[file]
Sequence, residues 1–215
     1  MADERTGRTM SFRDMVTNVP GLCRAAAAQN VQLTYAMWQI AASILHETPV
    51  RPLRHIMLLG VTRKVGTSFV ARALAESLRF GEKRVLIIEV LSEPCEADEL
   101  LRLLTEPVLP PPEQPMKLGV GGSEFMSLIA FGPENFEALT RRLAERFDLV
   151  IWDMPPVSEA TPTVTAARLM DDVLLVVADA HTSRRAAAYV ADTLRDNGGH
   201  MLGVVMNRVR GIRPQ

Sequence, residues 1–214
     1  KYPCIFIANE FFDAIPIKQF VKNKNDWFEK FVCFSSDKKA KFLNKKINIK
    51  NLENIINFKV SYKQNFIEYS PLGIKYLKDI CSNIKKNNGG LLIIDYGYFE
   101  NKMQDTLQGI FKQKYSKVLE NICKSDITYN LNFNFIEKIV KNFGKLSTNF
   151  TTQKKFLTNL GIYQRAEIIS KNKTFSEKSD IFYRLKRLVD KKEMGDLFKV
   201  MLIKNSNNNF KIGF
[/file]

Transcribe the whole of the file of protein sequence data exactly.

Sequence, residues 1–215
     1  MADERTGRTM SFRDMVTNVP GLCRAAAAQN VQLTYAMWQI AASILHETPV
    51  RPLRHIMLLG VTRKVGTSFV ARALAESLRF GEKRVLIIEV LSEPCEADEL
   101  LRLLTEPVLP PPEQPMKLGV GGSEFMSLIA FGPENFEALT RRLAERFDLV
   151  IWDMPPVSEA TPTVTAARLM DDVLLVVADA HTSRRAAAYV ADTLRDNGGH
   201  MLGVVMNRVR GIRPQ

Sequence, residues 1–214
     1  KYPCIFIANE FFDAIPIKQF VKNKNDWFEK FVCFSSDKKA KFLNKKINIK
    51  NLENIINFKV SYKQNFIEYS PLGIKYLKDI CSNIKKNNGG LLIIDYGYFE
   101  NKMQDTLQGI FKQKYSKVLE NICKSDITYN LNFNFIEKIV KNFGKLSTNF
   151  TTQKKFLTNL GIYQRAEIIS KNKTFSEKSD IFYRLKRLVD KKEMGDLFKV
   201  MLIKNSNNNF KIGF